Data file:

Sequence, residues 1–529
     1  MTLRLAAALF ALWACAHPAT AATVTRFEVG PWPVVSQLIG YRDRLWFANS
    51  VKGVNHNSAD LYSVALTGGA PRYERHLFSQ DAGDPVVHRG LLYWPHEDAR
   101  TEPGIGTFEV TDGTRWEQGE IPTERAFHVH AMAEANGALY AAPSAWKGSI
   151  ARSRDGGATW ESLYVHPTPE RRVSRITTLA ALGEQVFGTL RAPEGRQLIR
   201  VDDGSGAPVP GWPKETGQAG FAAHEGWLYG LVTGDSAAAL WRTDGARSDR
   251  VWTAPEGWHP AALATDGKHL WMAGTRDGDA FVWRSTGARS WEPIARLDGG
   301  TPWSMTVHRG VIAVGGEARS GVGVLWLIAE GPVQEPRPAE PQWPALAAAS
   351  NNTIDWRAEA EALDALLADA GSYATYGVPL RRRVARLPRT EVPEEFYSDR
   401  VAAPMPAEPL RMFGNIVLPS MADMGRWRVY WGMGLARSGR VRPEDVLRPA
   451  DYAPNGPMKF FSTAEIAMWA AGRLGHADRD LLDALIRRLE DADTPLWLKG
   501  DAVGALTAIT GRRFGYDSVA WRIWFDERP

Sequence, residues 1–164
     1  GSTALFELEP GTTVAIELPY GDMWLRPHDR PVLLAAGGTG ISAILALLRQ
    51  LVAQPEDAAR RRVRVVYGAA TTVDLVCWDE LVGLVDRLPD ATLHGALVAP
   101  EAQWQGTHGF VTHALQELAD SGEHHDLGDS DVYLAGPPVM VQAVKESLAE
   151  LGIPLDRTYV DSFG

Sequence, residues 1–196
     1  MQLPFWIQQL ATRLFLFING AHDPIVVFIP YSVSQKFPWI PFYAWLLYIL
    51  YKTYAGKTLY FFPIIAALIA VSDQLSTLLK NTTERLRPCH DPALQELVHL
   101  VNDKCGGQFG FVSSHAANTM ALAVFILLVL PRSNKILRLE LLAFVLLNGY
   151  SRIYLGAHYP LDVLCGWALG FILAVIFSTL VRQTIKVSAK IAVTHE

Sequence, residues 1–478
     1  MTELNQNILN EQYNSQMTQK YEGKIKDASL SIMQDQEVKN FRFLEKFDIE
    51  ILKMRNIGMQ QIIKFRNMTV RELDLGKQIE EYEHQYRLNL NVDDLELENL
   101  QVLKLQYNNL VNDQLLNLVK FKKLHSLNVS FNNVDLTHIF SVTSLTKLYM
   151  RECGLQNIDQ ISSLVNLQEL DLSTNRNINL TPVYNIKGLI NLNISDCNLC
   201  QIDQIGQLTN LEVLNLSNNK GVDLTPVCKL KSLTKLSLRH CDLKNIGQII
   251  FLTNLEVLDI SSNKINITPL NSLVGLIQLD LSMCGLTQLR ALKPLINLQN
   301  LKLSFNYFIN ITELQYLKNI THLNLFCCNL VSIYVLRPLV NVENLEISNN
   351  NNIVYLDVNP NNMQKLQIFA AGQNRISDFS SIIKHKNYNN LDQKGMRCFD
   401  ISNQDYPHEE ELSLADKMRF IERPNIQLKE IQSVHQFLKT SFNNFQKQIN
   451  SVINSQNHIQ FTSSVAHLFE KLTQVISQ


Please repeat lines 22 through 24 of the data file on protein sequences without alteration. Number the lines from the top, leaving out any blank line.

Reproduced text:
   151  SRIYLGAHYP LDVLCGWALG FILAVIFSTL VRQTIKVSAK IAVTHE

Sequence, residues 1–478
     1  MTELNQNILN EQYNSQMTQK YEGKIKDASL SIMQDQEVKN FRFLEKFDIE